I've been sort of "into" astrophotography from the moment I got a DSLR. I realized that being able to take long exposures would mean I'd be able to take nighttime shots w/ a tripod, so I got myself a hold of a carbon fiber tripod (it's really light; I like taking it along if we go for a hike because it's not too heavy) and did shots beginning with my T2i...
T2i: Not much experience at this point, but I believe this shot was with TheGirlfriend's 15mm f/2.8 Fisheye. I had the camera set to do 10 exposures with a +/- 1/3 EV bracketing, totaling 30 exposures. Set up the camera, hit the remote button, and walked away for 10 minutes. Luckily, one of the shots caught a meteor streaking across the sky. There's a bit of light pollution in the corners, but if you look close enough, you can see the edges of our galaxy (that misty part that looks like a cloud. I assure you it's not a cloud.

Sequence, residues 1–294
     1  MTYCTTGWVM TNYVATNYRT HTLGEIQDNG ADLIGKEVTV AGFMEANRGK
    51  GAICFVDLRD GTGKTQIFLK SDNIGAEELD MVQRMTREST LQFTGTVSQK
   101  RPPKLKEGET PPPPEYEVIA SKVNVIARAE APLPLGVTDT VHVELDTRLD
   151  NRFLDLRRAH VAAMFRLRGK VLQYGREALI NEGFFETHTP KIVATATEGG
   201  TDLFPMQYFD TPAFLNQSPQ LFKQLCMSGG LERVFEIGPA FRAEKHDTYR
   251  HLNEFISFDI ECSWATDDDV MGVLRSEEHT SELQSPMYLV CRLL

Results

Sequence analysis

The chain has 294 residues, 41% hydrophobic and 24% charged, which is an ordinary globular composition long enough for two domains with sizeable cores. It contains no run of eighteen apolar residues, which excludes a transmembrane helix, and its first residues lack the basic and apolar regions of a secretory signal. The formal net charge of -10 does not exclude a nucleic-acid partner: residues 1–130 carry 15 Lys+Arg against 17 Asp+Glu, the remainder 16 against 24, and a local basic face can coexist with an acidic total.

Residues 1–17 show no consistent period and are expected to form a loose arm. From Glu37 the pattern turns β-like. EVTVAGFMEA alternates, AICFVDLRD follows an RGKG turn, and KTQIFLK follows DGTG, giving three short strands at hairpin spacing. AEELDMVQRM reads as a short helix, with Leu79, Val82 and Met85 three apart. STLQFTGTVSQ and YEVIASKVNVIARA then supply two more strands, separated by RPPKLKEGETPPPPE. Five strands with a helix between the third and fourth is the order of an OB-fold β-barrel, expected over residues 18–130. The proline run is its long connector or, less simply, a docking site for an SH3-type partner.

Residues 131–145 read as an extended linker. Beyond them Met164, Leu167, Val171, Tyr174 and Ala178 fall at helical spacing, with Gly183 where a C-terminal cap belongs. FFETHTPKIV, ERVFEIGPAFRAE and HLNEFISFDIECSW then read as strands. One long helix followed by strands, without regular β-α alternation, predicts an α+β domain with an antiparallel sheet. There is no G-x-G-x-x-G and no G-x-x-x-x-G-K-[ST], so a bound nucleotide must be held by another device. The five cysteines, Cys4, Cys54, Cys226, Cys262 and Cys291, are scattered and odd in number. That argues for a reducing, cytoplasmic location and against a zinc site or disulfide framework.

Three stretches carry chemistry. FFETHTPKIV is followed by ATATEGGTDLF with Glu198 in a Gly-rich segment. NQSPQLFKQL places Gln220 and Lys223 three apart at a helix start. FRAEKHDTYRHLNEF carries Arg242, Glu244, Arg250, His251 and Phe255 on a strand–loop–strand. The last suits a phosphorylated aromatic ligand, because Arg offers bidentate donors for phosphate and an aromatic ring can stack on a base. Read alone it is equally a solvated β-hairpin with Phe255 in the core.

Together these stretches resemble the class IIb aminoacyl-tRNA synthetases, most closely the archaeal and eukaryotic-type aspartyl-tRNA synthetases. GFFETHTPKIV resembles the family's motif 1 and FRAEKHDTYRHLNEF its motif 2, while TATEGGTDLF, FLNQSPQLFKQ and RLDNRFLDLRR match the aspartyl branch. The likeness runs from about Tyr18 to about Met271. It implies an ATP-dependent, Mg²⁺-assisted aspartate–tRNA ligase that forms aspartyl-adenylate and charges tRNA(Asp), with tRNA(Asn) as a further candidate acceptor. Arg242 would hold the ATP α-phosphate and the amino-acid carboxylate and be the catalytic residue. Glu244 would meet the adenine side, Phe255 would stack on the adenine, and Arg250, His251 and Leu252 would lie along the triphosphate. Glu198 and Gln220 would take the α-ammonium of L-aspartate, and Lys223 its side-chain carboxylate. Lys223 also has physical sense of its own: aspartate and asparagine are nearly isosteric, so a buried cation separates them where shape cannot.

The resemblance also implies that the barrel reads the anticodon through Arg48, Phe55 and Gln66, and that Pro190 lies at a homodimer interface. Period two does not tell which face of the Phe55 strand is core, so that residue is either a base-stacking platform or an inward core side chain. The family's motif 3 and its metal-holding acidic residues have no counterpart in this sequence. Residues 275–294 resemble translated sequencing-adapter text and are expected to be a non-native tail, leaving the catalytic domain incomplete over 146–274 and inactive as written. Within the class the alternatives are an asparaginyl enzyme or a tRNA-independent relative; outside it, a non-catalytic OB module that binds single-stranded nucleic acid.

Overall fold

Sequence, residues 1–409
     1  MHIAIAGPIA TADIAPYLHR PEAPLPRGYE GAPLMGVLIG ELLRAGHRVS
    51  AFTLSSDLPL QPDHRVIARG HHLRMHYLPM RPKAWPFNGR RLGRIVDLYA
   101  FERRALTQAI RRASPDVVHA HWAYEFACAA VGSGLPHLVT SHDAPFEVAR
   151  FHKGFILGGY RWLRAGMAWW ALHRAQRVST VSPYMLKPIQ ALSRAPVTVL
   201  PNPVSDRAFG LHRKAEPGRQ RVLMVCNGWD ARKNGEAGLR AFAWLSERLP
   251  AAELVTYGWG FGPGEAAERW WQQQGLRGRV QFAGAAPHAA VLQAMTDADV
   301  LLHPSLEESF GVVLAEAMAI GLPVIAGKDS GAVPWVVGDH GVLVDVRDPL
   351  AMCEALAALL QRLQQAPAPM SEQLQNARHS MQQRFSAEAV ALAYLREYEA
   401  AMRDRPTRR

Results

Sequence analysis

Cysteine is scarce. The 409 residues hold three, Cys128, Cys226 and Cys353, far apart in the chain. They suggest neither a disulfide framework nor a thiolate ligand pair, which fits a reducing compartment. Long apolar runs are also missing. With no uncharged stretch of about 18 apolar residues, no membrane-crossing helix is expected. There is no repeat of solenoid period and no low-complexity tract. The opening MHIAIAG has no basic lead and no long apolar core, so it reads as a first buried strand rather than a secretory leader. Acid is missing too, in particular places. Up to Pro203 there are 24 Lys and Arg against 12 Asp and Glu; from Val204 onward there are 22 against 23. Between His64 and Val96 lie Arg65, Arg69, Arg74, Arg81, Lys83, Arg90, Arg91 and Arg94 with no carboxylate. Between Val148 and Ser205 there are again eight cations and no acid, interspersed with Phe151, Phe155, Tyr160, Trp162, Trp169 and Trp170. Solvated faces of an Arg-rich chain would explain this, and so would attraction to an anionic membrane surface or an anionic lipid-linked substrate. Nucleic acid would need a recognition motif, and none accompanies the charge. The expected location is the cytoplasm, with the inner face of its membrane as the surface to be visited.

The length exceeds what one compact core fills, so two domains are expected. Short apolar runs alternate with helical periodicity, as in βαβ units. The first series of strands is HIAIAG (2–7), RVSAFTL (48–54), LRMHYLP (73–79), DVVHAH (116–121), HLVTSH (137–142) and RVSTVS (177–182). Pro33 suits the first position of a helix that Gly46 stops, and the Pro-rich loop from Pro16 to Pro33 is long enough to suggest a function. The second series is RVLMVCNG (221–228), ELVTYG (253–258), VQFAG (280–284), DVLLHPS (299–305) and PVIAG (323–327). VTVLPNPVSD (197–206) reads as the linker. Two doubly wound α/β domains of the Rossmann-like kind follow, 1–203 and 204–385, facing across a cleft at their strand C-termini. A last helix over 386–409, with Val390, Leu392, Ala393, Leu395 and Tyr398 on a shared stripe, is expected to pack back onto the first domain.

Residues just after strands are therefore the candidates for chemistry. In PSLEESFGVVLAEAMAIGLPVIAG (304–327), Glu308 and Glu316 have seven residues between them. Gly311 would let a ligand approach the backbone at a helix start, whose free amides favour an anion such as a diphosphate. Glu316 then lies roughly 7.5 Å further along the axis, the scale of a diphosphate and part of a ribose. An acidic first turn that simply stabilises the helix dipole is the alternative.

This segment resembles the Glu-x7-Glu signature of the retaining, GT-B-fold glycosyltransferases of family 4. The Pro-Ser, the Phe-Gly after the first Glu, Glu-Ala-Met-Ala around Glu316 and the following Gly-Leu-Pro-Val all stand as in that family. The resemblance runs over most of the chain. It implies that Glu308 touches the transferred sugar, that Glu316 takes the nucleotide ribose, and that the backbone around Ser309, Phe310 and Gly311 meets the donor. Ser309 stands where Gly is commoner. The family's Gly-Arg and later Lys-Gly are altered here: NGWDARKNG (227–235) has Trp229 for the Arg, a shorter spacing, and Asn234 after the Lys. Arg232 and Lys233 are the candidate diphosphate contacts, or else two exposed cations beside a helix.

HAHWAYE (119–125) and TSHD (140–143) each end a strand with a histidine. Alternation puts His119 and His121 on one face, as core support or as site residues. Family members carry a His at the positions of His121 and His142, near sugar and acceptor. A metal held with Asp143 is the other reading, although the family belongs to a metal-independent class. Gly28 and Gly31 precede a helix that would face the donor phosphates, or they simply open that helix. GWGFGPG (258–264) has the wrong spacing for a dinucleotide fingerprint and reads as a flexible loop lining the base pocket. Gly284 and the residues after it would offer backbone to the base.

Next shot is from my next body, the Canon 6D. This shot was set up on a cold night, so I did a few very high ISO shots to get the framing / exposure right without freezing to death waiting for 15 second exposures. After getting it in high ISO, I used the click-for-click rule (My ISO goes in 1/3 stops on that camera): for every click down in ISO, I slowed the shutter one "click" of the scroll wheel. This is something I've explained before in another article. Took a couple shots, threw a 77mm Purple to clear graduated filter on the 17-40mm f/4L and took a couple final shots and ran back to my car.
The final shot, and the most recent I've posted (although, with the high ISO capability of the 6D and the 85mm f/1.2, I was able to do a hand held shot of Orion since this shot...) is from the Canon 1D Mark II N w/ the 35mm f/2 attached. Settings were 13" | f/2 | ISO 800. Just got home, set up the settings, set the lens to infinity, set the self timer, rolled the window down and set the camera on top of my car facing up. Waited, and voila.
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Overall, I think I think either the 1D is the best for this out of my cameras, or that I've just gotten better at shooting at night... Either way.